“When is the right time to fire a coach when the season is over?” This is a question that I get a lot of the time.
Listen, it’s never fun to fire a coach. Never. Especially when it involves his salary, and the family. But sometimes, it just has to be done.
I tell guys that the right time to fire a coach is immediately. I’ve only really “fired” one coach as the Head Football Coach. I’ve let a few go. I think those two are different. From my experience, when you “let someone go,” the writing is on the wall, and the other party is usually almost relieved that they have been let go.
It’s just one of those things where things didn’t work out. To avoid having to fire guys, and or letting guys go, spend your time hiring SLOWLY. Many Head Coaches hire too fast, and then get in to a bind with their hire.
I had to fire a Defensive Coordinator one time, for a variety of reasons starting with the fact that I inherited him from the previous staff, got hired very late (June), and realized soon that he had NO clue what he was doing, just way in over his head. Was not all his fault, he should have never been hired in the first place as a DC. I brought him in at 700 am the day after our last game. I knew week 5 that I was going to fire him after the season. Might as well get it done as soon as possible.
Some coaches are afraid of firing a coach before the banquet. I don’t understand that. That year, the banquet wasn’t scheduled until middle of January. I fired him right after our playoff game, the middle of November. Not doing that means two months of him thinking he is going to be the DC, maybe even planning, etc. And it means two months of our defense getting worse! So, fire that coach RIGHT AWAY!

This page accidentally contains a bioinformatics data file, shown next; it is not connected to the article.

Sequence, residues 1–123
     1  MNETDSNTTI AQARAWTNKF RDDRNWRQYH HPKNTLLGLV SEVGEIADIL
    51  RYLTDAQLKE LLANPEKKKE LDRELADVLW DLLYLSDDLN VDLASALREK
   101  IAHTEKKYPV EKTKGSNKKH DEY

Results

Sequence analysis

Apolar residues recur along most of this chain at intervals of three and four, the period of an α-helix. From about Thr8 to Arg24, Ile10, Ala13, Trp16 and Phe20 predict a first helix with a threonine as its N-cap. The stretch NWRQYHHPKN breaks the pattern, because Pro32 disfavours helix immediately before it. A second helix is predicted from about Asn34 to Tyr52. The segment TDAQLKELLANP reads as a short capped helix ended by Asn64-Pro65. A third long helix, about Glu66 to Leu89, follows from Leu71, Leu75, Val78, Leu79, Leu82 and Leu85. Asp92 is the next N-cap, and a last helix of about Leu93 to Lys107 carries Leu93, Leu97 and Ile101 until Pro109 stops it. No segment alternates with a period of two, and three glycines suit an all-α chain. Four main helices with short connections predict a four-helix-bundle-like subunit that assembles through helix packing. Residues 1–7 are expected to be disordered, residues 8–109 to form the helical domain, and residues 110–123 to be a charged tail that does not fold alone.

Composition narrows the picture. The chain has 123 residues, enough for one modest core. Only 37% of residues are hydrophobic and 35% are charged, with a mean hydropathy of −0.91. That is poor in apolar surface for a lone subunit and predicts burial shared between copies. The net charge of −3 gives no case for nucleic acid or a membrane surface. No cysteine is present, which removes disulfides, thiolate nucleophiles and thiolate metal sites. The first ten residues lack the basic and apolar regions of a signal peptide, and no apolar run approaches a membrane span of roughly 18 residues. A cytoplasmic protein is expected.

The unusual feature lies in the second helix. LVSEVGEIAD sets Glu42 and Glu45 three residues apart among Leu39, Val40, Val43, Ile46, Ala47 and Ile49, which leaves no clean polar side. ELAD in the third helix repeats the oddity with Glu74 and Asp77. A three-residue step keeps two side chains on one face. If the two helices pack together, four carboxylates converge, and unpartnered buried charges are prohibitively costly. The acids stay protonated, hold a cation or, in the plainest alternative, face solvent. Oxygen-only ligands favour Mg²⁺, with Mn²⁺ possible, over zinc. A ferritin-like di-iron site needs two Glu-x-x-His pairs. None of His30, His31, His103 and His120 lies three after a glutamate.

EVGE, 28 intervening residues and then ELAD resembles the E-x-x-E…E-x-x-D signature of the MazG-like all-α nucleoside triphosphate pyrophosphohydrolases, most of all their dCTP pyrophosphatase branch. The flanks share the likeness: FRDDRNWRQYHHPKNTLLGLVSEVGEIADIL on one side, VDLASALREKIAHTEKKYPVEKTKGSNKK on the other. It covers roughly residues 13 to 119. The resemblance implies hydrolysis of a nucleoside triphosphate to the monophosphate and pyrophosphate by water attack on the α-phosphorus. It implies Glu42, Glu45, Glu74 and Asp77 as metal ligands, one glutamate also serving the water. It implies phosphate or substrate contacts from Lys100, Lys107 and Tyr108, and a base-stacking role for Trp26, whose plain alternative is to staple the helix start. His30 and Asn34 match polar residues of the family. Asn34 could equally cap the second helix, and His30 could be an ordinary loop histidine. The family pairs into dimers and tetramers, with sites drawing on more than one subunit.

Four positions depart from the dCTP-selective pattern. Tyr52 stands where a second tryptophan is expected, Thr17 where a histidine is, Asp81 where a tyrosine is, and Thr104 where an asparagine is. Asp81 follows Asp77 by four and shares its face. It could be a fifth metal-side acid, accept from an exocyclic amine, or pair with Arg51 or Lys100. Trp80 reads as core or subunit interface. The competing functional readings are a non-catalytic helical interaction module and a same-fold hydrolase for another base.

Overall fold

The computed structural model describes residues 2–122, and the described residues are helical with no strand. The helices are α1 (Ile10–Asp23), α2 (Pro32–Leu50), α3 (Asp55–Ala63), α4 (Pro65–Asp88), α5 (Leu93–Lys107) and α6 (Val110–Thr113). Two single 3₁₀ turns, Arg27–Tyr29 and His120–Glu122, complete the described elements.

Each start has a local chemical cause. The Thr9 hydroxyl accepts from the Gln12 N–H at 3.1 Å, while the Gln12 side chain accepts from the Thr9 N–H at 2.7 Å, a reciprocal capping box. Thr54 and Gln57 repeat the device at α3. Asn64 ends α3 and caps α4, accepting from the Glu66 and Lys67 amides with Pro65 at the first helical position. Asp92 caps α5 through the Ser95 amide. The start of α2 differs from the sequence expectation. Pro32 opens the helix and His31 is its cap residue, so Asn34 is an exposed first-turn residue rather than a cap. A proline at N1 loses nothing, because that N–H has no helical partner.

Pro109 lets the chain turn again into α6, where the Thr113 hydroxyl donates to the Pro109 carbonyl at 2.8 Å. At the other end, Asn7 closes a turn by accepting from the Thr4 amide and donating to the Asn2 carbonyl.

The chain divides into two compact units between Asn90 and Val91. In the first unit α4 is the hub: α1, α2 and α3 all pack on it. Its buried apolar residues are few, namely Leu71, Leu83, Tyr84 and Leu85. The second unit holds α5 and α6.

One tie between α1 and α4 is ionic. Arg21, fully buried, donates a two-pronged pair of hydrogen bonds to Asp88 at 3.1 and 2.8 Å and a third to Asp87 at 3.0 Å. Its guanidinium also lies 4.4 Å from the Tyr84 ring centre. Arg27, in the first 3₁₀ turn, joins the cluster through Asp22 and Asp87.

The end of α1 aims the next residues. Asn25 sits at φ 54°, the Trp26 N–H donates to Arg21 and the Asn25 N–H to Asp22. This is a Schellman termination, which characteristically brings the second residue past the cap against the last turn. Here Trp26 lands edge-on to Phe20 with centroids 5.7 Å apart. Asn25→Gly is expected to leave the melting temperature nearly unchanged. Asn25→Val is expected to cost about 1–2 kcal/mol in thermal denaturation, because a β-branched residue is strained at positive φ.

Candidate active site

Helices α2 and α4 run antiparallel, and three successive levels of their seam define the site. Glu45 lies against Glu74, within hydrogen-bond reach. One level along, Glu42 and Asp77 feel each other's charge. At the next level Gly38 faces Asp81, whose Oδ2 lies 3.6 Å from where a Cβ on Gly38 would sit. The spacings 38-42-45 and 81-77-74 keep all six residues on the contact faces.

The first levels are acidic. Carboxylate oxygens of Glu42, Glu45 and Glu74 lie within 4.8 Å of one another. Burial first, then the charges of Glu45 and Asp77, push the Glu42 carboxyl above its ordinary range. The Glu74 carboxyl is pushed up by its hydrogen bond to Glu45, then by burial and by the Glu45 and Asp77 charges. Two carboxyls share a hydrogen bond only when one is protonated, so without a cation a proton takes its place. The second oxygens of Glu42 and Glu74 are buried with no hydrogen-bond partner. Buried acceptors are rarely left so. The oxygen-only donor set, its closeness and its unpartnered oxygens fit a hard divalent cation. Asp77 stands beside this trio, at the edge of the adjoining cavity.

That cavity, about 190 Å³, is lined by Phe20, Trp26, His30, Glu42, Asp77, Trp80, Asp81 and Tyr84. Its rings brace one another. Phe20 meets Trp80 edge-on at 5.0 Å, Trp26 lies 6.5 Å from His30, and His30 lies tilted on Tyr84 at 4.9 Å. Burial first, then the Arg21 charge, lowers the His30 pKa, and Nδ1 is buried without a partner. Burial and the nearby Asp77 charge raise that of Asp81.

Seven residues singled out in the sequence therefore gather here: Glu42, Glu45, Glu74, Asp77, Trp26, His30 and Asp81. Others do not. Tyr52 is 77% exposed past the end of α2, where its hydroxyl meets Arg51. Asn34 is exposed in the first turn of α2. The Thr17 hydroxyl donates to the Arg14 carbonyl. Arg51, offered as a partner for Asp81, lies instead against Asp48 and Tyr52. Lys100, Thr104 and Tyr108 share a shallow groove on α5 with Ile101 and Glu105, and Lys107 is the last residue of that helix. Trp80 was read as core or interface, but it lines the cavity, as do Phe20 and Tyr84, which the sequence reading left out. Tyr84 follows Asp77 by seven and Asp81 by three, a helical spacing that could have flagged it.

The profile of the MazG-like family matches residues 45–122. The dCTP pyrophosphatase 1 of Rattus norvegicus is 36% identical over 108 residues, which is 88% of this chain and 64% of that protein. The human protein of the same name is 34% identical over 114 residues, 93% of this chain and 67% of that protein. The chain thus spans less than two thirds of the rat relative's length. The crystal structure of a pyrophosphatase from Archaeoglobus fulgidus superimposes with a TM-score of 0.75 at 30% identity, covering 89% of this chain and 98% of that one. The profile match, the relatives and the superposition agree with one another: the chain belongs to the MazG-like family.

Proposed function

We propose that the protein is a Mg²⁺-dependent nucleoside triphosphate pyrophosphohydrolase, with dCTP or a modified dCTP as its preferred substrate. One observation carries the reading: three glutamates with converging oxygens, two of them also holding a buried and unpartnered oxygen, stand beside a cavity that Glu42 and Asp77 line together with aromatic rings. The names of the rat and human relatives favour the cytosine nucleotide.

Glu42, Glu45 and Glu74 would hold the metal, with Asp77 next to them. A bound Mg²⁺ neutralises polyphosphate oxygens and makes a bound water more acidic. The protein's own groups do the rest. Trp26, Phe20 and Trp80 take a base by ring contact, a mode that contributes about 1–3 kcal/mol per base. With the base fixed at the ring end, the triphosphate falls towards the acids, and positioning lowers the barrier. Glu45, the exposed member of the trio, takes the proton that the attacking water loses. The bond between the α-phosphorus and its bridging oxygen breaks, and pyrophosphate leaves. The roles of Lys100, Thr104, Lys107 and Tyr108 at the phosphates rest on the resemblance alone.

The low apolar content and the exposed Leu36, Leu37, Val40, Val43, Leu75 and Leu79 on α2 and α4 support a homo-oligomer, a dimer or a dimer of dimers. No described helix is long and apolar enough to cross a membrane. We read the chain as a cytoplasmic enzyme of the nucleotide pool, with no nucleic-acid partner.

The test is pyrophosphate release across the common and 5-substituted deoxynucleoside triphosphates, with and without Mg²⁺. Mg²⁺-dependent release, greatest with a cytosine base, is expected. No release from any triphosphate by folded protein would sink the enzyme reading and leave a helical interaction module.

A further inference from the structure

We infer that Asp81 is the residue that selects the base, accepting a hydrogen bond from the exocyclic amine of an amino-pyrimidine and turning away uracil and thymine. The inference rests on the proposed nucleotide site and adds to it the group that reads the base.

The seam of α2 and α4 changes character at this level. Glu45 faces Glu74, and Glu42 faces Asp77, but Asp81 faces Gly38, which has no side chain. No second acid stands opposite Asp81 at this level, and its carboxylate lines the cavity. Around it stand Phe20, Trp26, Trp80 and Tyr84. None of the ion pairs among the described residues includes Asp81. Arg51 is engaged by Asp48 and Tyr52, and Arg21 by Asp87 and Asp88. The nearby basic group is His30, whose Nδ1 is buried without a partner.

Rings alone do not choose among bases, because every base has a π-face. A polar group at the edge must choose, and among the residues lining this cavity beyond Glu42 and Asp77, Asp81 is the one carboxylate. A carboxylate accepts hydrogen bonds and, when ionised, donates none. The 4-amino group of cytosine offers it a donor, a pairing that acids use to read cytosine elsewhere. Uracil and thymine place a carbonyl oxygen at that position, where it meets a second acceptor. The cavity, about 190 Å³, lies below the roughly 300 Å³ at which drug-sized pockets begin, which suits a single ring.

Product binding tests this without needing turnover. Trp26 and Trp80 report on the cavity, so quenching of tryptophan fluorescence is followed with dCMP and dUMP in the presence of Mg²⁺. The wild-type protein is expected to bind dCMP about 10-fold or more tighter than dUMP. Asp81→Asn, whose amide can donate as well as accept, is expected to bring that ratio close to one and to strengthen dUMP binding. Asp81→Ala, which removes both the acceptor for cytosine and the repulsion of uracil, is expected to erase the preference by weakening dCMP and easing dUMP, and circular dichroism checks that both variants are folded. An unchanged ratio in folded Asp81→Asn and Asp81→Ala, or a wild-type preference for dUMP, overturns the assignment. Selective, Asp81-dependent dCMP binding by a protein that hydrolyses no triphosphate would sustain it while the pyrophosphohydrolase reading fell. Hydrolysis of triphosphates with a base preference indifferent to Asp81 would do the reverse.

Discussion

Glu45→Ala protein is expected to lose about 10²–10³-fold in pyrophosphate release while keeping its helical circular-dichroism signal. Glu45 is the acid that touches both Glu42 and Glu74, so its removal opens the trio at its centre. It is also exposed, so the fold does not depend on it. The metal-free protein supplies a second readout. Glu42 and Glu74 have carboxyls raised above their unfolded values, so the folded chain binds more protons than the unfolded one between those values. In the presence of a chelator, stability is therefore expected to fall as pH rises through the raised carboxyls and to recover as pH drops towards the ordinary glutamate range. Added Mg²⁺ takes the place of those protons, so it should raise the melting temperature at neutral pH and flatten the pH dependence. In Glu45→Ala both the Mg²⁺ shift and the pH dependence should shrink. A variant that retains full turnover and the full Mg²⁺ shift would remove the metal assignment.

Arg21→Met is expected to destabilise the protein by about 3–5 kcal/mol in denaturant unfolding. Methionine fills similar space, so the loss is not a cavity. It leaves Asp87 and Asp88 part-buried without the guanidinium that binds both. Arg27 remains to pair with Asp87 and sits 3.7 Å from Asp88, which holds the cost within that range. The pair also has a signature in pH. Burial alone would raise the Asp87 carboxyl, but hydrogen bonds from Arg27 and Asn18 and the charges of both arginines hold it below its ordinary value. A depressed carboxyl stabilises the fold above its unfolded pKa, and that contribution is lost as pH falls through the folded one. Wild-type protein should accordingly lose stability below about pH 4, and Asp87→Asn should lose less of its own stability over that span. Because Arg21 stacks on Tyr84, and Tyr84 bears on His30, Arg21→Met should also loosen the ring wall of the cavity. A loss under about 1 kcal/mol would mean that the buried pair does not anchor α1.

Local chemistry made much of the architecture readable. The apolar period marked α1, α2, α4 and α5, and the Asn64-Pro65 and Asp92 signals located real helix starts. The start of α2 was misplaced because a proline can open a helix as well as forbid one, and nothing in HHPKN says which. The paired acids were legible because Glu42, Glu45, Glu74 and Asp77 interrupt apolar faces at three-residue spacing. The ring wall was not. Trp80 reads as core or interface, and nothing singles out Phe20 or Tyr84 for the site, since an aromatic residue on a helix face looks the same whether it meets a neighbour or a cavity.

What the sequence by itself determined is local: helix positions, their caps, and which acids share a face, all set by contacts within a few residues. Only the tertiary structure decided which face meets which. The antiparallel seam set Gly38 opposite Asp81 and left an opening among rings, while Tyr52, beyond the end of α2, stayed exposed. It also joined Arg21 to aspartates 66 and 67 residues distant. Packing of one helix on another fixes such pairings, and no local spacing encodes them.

One more thing about firing a coach: remember that it is not a job interview! I picked this idea up from the Vice President of a very large worldwide business who was a coach with me at Linfield Christian. He is one of those big wigs who flies to Europe just to fire someone in person. Or flies to New York to golf with a manager. One of those types!
I asked him for advice on how to fire someone when I had to do that the first time as a Head Football Coach. He said “Well, if you absolutely know you are going to fire him, if you have already weighed everything out in your mind, on paper, etc. there is nothing to discuss in the meeting. Chris, most bosses do a poor job of firing because they allow it to turn in to a job interview. They allow the employee to try to talk them out of it, or they ask questions of the employee trying to lead them to what the decision will be.”
He went on to explain to me that the meeting should be less than 3 minutes long. “Don’t be a jerk about it, but there isn’t any reason to talk long about it.” He told me that if they want to honestly get a review of their performance that you will do that at a later date. This gives the person some time to cool off, and gather themselves. “They won’t listen to you in that meeting, they will be too emotional.’